Notes and errata on "Decidability and Universality of Quasiminimal Subshifts"

The main results of my paper are about abstract quasiminimal subshifts under computability restrictions, but there is also a tangent to classical systems, where I prove the following: If a substitution \(\tau\) has the following property: "In every point of the language of the subshift that \(\tau\) generates, in every word of length \(m\) you have a letter \(a\) such that \(|\tau^n(a)|\) tends to infinity." then the subshift \(\tau\) generates is quasiminimal. I conjecture in my paper that in fact every substitution has a quasiminimal associated subshift. In this note, we prove this conjecture.

In [Bérthé-Steiner-Thuswaldner-Yassawi], Proposition 5.15 states that for every non-erasing substitution there are only finitely many languages for points. This is the same thing as quasiminimality by an easy argument (see e.g. Lemma 11 and Proposition 6 in my paper).

Here's their theorem in my language:

Let \(\tau : \Sigma \to \Sigma^+\) be any substitution. Let \(X_{\tau} \subset \Sigma^{\mathbb{Z}}\) be the subshift consisting of the points \(x \) whose finite subwords all appear in some \(\tau^n(a), n \in \mathbb{N}, a \in \Sigma\). Then \(X_{\tau}\) is a quasiminimal subshift.

Theorem 7.5.1 in [Allouche-Shallit] (also [Cobham]) shows that a morphic image of the fixed point of a (possibly erasing) substitution is also the symbol-to-symbol substitutive image of a fixed point of a non-erasing substitution. It is not difficult to obtain the general result from this and the above theorem, as images of quasiminimal subshifts under non-erasing morphisms are quasiminimal. A similar idea was also suggested by Wolfgang Steiner in private communication.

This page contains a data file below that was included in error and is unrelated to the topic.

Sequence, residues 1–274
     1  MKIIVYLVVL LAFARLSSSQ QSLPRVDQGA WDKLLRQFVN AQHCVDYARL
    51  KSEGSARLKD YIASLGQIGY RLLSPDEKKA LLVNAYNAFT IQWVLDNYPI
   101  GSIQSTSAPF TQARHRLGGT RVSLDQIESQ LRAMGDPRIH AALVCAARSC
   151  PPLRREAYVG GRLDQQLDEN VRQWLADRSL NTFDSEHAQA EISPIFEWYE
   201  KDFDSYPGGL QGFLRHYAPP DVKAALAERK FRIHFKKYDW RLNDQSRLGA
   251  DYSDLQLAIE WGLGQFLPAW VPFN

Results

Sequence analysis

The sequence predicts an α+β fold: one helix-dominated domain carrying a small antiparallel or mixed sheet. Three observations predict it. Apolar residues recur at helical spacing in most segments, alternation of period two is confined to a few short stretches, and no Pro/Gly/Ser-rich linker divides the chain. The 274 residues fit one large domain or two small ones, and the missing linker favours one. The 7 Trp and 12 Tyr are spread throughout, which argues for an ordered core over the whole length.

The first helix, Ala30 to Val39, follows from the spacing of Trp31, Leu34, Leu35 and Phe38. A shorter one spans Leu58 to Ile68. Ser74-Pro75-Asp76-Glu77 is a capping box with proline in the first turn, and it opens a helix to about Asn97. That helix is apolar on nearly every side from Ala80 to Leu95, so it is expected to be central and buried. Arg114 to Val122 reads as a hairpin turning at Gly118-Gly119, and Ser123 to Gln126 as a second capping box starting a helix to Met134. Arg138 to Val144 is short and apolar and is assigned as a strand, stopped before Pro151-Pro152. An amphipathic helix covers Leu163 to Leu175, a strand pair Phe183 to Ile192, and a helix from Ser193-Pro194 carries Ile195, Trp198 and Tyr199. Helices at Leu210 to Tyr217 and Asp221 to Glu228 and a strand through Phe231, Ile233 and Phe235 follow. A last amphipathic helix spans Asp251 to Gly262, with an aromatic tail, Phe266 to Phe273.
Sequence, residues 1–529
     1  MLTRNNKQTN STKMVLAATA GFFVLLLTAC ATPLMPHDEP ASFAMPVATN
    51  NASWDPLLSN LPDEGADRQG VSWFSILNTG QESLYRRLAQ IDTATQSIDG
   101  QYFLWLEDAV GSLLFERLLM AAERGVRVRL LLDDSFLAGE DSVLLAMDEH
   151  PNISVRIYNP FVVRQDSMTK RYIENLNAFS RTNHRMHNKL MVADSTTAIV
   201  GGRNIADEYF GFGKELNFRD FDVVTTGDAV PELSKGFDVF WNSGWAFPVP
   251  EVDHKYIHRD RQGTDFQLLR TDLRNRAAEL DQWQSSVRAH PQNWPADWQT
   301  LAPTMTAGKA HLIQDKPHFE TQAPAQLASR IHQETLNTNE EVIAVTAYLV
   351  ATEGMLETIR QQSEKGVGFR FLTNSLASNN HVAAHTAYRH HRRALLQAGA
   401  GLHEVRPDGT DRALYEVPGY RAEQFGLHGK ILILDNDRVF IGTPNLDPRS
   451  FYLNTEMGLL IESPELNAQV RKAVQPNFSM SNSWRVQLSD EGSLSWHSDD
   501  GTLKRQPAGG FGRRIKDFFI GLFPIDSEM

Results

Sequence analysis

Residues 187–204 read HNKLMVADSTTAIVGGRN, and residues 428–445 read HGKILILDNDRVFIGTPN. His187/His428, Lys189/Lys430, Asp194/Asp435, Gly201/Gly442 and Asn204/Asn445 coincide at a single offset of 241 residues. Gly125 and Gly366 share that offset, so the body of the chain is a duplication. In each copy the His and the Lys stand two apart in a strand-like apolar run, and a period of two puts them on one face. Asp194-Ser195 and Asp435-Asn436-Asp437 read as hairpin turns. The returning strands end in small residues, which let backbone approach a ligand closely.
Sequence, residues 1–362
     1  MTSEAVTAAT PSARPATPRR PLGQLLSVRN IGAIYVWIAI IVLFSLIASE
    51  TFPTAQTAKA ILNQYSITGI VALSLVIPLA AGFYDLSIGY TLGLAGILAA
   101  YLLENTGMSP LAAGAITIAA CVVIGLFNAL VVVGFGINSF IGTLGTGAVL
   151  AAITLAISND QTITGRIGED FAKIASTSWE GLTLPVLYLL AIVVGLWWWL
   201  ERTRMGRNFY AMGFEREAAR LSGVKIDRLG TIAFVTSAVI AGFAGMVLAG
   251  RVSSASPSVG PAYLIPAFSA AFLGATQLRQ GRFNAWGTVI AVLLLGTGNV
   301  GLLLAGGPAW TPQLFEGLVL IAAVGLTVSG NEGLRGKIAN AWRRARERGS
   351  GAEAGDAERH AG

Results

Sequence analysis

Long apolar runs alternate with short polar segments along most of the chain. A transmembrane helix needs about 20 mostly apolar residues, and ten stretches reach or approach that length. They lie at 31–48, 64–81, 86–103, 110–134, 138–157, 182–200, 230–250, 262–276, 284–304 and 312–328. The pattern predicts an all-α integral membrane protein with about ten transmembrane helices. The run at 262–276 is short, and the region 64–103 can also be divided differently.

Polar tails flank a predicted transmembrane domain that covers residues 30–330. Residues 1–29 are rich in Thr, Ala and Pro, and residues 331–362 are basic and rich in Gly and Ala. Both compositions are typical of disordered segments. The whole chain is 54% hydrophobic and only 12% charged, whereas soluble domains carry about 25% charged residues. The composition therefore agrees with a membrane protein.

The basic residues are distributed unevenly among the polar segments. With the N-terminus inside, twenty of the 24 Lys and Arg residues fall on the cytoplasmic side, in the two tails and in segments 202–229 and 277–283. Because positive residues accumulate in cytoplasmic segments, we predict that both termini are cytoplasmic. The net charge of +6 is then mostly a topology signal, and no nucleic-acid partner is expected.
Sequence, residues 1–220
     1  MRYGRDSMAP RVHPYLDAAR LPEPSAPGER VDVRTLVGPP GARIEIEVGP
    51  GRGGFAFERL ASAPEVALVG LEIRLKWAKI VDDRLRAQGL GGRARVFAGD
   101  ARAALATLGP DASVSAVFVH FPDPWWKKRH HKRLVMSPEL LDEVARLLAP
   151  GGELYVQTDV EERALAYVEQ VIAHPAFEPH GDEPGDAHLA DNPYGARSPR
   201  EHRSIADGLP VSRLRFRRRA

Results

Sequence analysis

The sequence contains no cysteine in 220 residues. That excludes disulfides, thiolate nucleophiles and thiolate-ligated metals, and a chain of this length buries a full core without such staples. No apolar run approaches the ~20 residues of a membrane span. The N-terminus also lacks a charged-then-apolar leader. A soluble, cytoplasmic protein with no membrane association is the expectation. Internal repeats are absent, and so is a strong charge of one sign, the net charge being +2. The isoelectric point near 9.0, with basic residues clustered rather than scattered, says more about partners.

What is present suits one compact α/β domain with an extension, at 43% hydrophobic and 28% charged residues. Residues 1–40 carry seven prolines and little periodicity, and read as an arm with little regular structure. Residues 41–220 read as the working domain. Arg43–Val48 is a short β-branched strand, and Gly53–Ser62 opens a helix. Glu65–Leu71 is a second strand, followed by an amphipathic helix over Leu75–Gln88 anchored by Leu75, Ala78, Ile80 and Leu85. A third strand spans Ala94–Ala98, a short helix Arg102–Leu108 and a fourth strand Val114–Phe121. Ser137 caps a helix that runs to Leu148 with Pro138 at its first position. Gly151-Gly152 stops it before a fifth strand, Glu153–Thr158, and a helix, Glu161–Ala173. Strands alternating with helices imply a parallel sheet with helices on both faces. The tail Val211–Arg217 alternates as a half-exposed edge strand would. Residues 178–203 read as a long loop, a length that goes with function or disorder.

Let \(\tau : \Sigma \to \Sigma^*\) be any substitution. Let \(X_{\tau} \subset \Sigma^{\mathbb{Z}}\) be the subshift consisting of the points \(x \) whose finite subwords all appear in some \(\tau^n(a), n \in \mathbb{N}, a \in \Sigma\). Then \(X_{\tau}\) is a quasiminimal subshift.


As for the errata, the definition I give of the subshift of a substitution in my paper has an unfortunate typo: In Definition 10, obviously \(j\) and \(k\) should range over \(\mathbb{Z}\) rather than \(\mathbb{N}\).

References

[Allouche-Shallit] Allouche, Jean-Paul, and Jeffrey Shallit. Automatic sequences: theory, applications, generalizations. Cambridge university press, 2003.
[Bérthé-Steiner-Thuswaldner-Yassawi] Berthé, Valérie and Steiner, Wolfgang and Thuswaldner, Jörg M. and Yassawi, Reem. (2018) "Recognizability for sequences of morphisms," Ergodic Theory and Dynamical Systems. Cambridge University Press, pp. 1–36. doi: 10.1017/etds.2017.144.
[Cobham] Cobham, Alan. "On the Hartmanis-Stearns problem for a class of tag machines." IEEE Conference Record of 1968 Ninth Annual Symposium on Switching and Automata Theory. IEEE, 1968.


Last update: 10 Aug 2018